L.A. SLEEPERS Excerpt: Cab or UBER?

L.A. SLEEPERS Excerpts: Cab or Uber?
by Dakota Donovan

Sunset Blvd Overhead Street Sign with Dusk Sky

In my novel L.A. SLEEPERS: A Hollywood Ghostwriter Mystery, I love to take cabs— because I hate driving in L.A. traffic, especially in my old Toyota, where I risk heatstroke thanks to the vehicle’s broken A/C.   I wrote L.A. SLEEPERS in 2014, before UBER gained widespread popularity—as I understand it, the service entered the L.A. market in 2013— and prior to the book’s  2016 release, I wondered if I should revise my ride from West Hollywood to Los Feliz from a taxi to an UBER. I opted to keep the passage in a taxi, since my decision to call for a ride is spontaneous—I flag down a cab after I run out of the Target Store at LaBrea and Santa Monica Blvd., following an incident involving a man hired to tail me. In my next novel, L.A. DREAMERS, I will most likely have the UBER app on my smartphone!

Here’s the cab-centric opening passage (abridged) from Chapter 11 of L.A. SLEEPERS: A Hollywood Ghostwriter Mystery:

Five minutes later, I’m in a cab headed for home—after convincing the driver to stop at an ATM so I can get cash for the fare, another expense added to an already expensive day.

I love riding in cabs—I love it anytime somebody else drives, giving me a chance to sit back and take in the sights. The driver is taking the slow route across Sunset—and Santa Monica Boulevard would be faster and cheaper, but I decide to enjoy the ride. It’s a luxury I can’t afford, but as long as I’m here, I may as well float on the current of nighttime L.A.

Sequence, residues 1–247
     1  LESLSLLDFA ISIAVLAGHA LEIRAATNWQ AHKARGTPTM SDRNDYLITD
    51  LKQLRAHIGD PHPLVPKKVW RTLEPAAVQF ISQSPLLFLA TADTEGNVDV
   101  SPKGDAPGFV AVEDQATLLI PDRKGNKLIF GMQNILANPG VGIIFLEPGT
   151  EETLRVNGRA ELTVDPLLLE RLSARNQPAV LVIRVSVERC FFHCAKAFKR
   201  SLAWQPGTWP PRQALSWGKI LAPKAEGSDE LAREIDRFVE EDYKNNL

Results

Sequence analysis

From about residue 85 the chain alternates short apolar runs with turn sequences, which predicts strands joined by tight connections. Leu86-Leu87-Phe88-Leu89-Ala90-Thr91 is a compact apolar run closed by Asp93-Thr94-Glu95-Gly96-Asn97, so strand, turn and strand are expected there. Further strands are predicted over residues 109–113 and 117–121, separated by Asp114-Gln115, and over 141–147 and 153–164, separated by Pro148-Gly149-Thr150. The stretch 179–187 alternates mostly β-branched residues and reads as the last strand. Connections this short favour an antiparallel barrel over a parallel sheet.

As we drive east, I turn and view the last strands of sunset through the back window. The cab is quiet—no radio, no chatter from the driver—just the buzz of the engine and the whistle of air through the windows. Outside, everything takes on a violet hue, as if all of life’s bruisings and batterings have risen to the surface and will soon dissolve into the night. This is when I like L.A. best—and even feel I might love it—when the sun is about to set.

At sundown, I always feel a mixture of nostalgia, romance, regret, and hope—a sublime cocktail that I down with pleasure. Whatever I’ve gone through during the day—and on this day, it has been a lot—the bittersweet dusk makes it all worthwhile.

It’s after eight and the sunlight is bowing out for the day—there are just a few more minutes to witness the glowing glory of it all. I float on the scene, the moving canvas appearing on the window, feeling good, feeling great, feeling all is right, very right, with the world.

My mellow groove dissolves in an instant. I feel a strong vibration and my first thought is . . . earthquake!

I clutch the seat in front of me and say to the drivera middle-aged guy with a red toothpick protruding from his mouth—”Did you feel that?”

The driver shrugs and moves his toothpick from the right side to the left side of his mouth.

Another few seconds go by before I understand that it isn’t an earthquake—it’s black hoodie’s cell phone vibrating in my back pocket. Yes, the buzzing insistency of the world always comes calling when you’re enjoying a transcendent moment. So much for the sunset.

I flip open the phone and see the text message: “Where in the hell are you?”

End of Excerpt

Find L.A. SLEEPERS: A Hollywood Ghostwriter Mystery at Amazon.com

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